UPDATE 2/3/15: In the two years since I posted this story, I’ve used the Fisher to commute back and forth to work, 16 miles round trip–not every day, mind you, but enough to know that these brake levers/shifters are my all time favorites for drop-bar use. They’re right where I need them, super easy to shift and more durable than the STI shifters that came on my tandem. Plus, I can swap out the Shimano 105 units mounted to the brake levers for new ones–without cutting into my bread-and-beer money. There have been some changes since 2013: The company changed its name to Gevenalle and offers additional products, including GX levers “for Shimano’s newer 10 speed Dyna-sys and Shadow Plus MTB derailleurs.” So when you read “Retroshift” below, think “Gevenalle.”
It’s a cold and windy January in central Illinois–perfect weather to play bicycle mechanic. Today’s victim: the World’s Heaviest Fisher mountain bike: the Advance.
On the left, the before picture: mountain bike levers, mountain bike bars (with a generous amount of rise), bar ends and good ol’ dependable 7-speed indexed thumb shifters.
On the right, the aftermath: road bars, no-name stem and some old Cinelli cork tape from one of the magical junk boxes in the basement. Those housings arcing into the sky like they’re on a Peugeot U0-8? They aren’t brake cables; they’re derailleur cables. They’re connected to Shimano 105 downtube shifters that are, in turn, bolted to the top of Tektro brake levers.
And that’s what the self-styled Goats in Portland, Oregon, call Retroshift CX2 Cyclocross shifters.
When you think about it, Retroshift is the perfect name for this set-up. It doesn’t pretend to be similar to Campy Ergopower, Shimano STI or SRAM Double Tap. It’s just a couple of downtube shifters bolted to otherwise normal brake levers.
Of course when you make things this simple, you have to accept some limitations. For example, you can’t shift from the drops. That’s okay with me; I can’t even reach the drops. However, for cyclocrossers, Retroshift is an interesting way to save expensive road brifters from mud and wrecks, and to stop replacing them after off-road racing takes its inevitable toll.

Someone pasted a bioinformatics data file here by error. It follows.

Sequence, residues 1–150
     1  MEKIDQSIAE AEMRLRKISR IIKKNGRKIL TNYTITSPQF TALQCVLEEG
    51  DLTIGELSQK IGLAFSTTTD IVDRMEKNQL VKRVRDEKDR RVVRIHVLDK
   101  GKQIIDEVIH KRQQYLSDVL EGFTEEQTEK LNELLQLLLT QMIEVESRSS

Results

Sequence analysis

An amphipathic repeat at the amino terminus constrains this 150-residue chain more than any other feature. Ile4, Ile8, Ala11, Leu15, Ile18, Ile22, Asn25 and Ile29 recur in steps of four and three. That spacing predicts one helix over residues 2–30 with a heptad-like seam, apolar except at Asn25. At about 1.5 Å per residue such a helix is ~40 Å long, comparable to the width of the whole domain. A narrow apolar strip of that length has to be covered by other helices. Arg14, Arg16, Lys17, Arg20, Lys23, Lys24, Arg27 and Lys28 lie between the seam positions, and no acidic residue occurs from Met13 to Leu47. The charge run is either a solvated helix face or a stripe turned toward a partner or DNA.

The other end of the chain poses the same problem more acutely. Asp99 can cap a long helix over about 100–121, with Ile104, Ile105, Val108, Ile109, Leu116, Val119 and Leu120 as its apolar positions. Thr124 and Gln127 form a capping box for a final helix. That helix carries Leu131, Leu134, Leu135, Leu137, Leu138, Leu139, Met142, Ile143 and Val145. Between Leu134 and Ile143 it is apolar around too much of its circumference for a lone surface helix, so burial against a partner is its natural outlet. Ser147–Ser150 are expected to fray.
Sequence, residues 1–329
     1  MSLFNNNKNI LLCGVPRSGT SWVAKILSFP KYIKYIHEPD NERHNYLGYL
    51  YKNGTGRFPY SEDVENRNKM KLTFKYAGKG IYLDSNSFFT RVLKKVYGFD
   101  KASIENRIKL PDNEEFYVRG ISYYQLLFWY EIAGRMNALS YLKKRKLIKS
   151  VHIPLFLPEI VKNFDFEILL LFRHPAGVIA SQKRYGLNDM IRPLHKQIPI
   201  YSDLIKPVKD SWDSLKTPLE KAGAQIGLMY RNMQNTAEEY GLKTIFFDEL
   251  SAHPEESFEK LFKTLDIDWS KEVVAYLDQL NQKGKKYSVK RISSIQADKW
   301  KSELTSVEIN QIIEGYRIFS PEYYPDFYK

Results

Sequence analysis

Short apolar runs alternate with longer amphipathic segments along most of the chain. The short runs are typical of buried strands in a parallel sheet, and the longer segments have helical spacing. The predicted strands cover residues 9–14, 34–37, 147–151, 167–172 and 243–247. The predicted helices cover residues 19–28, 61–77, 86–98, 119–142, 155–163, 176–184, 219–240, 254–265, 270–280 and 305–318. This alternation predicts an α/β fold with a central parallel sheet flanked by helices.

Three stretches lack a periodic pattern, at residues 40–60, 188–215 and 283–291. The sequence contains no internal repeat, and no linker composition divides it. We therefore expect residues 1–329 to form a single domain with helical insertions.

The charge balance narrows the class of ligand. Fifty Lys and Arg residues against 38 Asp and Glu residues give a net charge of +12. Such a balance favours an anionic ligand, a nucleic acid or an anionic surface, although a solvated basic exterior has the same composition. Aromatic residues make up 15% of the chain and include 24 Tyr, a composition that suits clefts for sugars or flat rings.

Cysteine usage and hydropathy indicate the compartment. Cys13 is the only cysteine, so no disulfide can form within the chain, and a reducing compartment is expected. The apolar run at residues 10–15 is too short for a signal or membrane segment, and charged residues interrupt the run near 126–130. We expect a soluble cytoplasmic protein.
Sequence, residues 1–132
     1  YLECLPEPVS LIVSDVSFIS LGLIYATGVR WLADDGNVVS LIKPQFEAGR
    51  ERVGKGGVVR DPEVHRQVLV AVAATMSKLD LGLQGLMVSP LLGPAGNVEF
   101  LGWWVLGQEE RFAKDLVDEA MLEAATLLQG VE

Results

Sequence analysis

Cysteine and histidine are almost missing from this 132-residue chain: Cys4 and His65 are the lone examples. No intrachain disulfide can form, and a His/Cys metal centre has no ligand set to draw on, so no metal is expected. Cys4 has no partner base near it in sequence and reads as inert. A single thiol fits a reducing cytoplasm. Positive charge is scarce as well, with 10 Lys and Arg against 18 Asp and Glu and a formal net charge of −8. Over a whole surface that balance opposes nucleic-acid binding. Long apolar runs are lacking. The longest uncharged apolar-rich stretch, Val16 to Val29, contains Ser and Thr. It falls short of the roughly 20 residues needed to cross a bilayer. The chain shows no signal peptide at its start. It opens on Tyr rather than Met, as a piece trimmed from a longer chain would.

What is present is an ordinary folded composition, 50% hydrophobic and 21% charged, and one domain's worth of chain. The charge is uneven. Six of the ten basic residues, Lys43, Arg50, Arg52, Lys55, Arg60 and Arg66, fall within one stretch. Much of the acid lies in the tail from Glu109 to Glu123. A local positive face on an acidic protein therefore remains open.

But why do I have it? Easy. Can’t find any 7-speed bar-end shifters. Beyond that, I just think its neat to mimic integrated controls at a fraction of the price–and downright revolutionary to bring my own shifters to the party (You can also buy the set-up with shifters pre-installed). Plus, Retroshift offers something no brifters do: the possibility of friction-mode shifting.
Now if you’re a sophisticated cycling consumer, I assume your nose is about as close to vertical as it’s going to get. (I’m not sure how you can still see your computer screen.) But you should at least see the shifting in action.
If I squint hard enough, and pay no attention to the truly amazing weight of the thick, straight-gauge cromoly frame underneath me, it’s almost like I’m looking at one of my old road bikes. Again, only if I squint.
What’s it take to put road bars on an unrepentant Fisher, keeping in mind you’re starting with an oversize threaded headset? First you shim the 1-1/4 steerer to 1-1/8. Then, you install a stem riser (Nitto calls it a Column). Finally, to get the bars up where your inflexible back won’t complain, you install a ridiculously steep Aheadset-compatible stem.
Shifting from the hoods. I haven’t done that since I took the STI controls off the tandem in favor of levers that worked with my brakes without Travel Agents in the middle. Kind of miss it. So I guess I’m ready for some gravel road riding.
As soon as it gets a little warmer.
Note: The Goats behind Retroshift responded to a few questions I sent their way.
I’ll post the interview soon. Here’s the interview.